The Ministry of Trade and Industry Permanent Secretary, Banny Molosiwa, this week stated that it was important for the ministry to keep a regular contact with the private sector that is known for keeping government in check on policy issues.
Speaking at a Trade Dialogue between the ministry’s departments, parastatals and the private sector on Monday, Molosiwa said although they meet regularly on High Level Consultative Council (HLCC) and Trade Committee, the feeling was that such a dialogue will be more appropriate.
“We thought it was not enough and felt it was better to come together in a more relaxed way to discuss how we can move our economy (forward),” she said.
“We want to see a vibrant and well diversified economy,” Molosiwa added.
Molosiwa revealed that the ministry will be redundant without the engagement of the private sector.
The ministry has more than six departments, including Industrial Affairs, International Trade, Trade and Consumer Affairs, Cooperatives and Office of the Registrar of Companies, amongst others.
The parastatals that fall under the ministry are Botswana Export Development and Investment Authority (BEDIA), Local Enterprises Authority and Botswana Bureau of Standards (BOBs).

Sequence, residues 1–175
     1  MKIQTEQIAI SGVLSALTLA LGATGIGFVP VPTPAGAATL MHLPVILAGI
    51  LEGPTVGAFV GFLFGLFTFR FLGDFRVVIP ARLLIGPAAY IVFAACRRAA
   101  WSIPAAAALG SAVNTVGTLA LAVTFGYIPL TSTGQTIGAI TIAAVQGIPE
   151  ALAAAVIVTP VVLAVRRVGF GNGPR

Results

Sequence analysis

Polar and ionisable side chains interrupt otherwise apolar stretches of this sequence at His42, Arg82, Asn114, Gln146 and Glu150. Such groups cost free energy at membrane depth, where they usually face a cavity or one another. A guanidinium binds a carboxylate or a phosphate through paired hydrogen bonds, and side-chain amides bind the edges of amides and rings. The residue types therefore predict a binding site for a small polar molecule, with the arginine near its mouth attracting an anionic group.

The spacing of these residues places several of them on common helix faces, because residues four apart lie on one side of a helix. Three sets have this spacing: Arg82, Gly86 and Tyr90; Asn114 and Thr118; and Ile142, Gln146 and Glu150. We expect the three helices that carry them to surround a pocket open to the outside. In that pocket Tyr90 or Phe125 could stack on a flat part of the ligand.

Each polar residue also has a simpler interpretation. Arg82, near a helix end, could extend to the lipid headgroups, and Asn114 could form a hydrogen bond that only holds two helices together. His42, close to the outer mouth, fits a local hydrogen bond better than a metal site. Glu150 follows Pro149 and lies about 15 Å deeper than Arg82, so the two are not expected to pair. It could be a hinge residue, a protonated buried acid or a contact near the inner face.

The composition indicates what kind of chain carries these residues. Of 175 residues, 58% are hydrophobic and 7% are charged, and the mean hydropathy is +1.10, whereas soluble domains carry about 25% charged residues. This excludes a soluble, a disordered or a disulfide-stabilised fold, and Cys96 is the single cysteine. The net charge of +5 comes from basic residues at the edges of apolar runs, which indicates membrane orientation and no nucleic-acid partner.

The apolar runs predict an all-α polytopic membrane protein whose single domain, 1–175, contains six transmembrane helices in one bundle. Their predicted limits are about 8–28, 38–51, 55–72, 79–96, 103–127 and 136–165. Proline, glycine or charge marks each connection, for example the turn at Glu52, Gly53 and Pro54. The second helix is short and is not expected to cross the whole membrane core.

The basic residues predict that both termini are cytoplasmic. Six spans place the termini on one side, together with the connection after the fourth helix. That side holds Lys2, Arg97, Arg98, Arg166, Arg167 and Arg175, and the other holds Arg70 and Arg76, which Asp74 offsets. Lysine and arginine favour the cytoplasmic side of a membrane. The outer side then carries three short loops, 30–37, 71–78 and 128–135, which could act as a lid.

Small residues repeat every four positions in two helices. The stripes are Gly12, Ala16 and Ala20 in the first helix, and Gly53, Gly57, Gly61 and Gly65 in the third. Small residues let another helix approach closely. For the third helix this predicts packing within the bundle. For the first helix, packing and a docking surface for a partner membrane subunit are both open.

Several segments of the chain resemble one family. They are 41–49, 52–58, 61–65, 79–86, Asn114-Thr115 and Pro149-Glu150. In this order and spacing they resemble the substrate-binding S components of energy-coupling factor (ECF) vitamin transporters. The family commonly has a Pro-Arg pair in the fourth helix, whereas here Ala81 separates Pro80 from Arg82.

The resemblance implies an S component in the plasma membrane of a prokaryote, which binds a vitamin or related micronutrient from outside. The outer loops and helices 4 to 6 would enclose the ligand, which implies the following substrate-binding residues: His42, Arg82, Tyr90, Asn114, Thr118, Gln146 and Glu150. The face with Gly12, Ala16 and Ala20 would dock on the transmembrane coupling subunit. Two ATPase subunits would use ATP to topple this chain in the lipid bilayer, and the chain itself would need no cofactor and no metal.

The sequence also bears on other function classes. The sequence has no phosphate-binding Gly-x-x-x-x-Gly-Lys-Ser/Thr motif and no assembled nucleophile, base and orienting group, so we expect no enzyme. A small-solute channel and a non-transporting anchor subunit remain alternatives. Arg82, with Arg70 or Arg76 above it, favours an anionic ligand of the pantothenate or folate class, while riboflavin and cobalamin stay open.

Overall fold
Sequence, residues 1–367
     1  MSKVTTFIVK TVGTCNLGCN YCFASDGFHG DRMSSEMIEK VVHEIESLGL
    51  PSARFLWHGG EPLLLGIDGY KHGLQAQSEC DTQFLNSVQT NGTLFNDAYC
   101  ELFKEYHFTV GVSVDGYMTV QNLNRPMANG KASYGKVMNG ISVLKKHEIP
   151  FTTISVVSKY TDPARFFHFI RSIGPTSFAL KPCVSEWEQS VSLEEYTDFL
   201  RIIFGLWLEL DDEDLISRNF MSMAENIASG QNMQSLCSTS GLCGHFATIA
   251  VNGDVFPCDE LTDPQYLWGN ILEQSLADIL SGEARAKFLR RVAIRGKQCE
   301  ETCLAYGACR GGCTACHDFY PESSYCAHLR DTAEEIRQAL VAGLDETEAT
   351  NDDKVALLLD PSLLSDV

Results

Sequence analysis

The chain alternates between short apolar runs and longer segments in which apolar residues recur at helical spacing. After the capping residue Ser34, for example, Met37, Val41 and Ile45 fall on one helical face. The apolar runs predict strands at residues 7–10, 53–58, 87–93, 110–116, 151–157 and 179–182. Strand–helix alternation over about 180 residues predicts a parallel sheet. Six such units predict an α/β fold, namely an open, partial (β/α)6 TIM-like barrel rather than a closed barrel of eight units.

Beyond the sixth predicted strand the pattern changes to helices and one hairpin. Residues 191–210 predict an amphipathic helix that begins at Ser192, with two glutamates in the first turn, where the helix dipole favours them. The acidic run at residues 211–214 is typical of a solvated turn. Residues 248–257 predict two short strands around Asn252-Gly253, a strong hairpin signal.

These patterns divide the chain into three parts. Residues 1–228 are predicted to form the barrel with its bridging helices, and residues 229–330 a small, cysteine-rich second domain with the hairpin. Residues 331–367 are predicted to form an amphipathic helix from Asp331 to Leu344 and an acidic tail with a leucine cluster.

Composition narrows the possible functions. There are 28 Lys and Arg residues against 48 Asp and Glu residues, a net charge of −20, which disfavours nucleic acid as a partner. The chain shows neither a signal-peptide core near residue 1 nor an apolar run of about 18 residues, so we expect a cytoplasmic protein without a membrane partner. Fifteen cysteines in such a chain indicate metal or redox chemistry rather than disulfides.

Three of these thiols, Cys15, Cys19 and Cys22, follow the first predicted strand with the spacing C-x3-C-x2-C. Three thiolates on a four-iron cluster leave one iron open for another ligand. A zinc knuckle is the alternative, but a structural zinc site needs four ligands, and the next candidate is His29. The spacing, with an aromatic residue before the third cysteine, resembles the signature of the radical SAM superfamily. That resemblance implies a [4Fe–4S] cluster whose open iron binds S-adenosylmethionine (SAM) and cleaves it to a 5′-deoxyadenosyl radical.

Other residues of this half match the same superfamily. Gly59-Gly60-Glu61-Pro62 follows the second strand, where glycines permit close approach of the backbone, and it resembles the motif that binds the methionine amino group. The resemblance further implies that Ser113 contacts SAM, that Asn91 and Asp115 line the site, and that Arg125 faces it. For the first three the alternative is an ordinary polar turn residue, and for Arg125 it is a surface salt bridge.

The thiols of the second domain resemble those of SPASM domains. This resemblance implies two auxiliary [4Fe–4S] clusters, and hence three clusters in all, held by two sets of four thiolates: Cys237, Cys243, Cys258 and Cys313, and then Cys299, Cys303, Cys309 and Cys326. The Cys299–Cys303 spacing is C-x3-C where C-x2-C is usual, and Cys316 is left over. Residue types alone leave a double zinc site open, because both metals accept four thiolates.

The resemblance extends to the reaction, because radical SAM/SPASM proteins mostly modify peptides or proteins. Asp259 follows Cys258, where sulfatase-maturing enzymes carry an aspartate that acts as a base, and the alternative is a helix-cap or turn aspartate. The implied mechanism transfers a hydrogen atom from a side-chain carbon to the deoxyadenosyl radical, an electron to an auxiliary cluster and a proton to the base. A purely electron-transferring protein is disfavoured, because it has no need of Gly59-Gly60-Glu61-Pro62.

Briefing the private sector, a representative of Department of International Trade stated that Botswana has entered into trade agreements with other countries that ‘the private sector needs to take advantage of’.
Such agreements are the Southern African Customs Union (SACU), with a market size of 53 million people that private sector can penetrate.
SACU have other agreements like SACU/MERCUSOR, where companies in the customs union, namely Botswana, South Africa, Lesotho, Namibia and Swaziland can export to under 450 product lines.
The private sector was also told that they can tap onto the SADC FTA, emanating from SADC Protocol on Trade, that was attained in 2008. Although the rules of origin are restrictive, the market size is 230 million people.
The other trade agreement is AGOA under which Botswana companies can export to the US market.
“The problem is that there is low uptake of AGOA,” said the official, stating that only two industries; textiles and furniture are utilising the market although ‘rules of origin are flexible’.
“The challenge is to improve quality. The manufacturers need to meet the standards of the market,” he added.
The Acting Registrar of Companies and Intellectual Property, P. Masena, stated that they are planning to interface their computers with the ones at the Public Procurement and Asset Disposal Board (PPADB) to save companies time when tendering because it takes time to photocopy certificates.
He also revealed that the other work they do is that of protecting intellectual property rights, which the private sector and the public is not aware of.
He said after protecting the rights, the owners can commercialise what they are doing and charge royalties.